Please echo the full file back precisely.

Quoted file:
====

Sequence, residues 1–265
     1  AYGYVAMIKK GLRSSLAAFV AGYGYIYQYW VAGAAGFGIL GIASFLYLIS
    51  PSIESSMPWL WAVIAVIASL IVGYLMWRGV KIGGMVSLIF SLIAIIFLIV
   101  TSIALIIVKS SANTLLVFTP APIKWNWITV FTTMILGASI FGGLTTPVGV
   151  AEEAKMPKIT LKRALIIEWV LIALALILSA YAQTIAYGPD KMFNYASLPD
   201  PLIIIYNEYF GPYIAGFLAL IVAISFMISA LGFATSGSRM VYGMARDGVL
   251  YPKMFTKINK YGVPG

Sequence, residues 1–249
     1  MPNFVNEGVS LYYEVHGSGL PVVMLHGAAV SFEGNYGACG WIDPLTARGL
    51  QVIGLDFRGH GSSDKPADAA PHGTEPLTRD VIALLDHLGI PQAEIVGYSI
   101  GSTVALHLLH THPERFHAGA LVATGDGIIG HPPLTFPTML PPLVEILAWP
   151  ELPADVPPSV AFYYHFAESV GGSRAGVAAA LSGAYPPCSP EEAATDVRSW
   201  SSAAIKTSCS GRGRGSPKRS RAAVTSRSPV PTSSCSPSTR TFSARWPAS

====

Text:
Sequence, residues 1–265
     1  AYGYVAMIKK GLRSSLAAFV AGYGYIYQYW VAGAAGFGIL GIASFLYLIS
    51  PSIESSMPWL WAVIAVIASL IVGYLMWRGV KIGGMVSLIF SLIAIIFLIV
   101  TSIALIIVKS SANTLLVFTP APIKWNWITV FTTMILGASI FGGLTTPVGV
   151  AEEAKMPKIT LKRALIIEWV LIALALILSA YAQTIAYGPD KMFNYASLPD
   201  PLIIIYNEYF GPYIAGFLAL IVAISFMISA LGFATSGSRM VYGMARDGVL
   251  YPKMFTKINK YGVPG

Sequence, residues 1–249
     1  MPNFVNEGVS LYYEVHGSGL PVVMLHGAAV SFEGNYGACG WIDPLTARGL
    51  QVIGLDFRGH GSSDKPADAA PHGTEPLTRD VIALLDHLGI PQAEIVGYSI
   101  GSTVALHLLH THPERFHAGA LVATGDGIIG HPPLTFPTML PPLVEILAWP
   151  ELPADVPPSV AFYYHFAESV GGSRAGVAAA LSGAYPPCSP EEAATDVRSW
   201  SSAAIKTSCS GRGRGSPKRS RAAVTSRSPV PTSSCSPSTR TFSARWPAS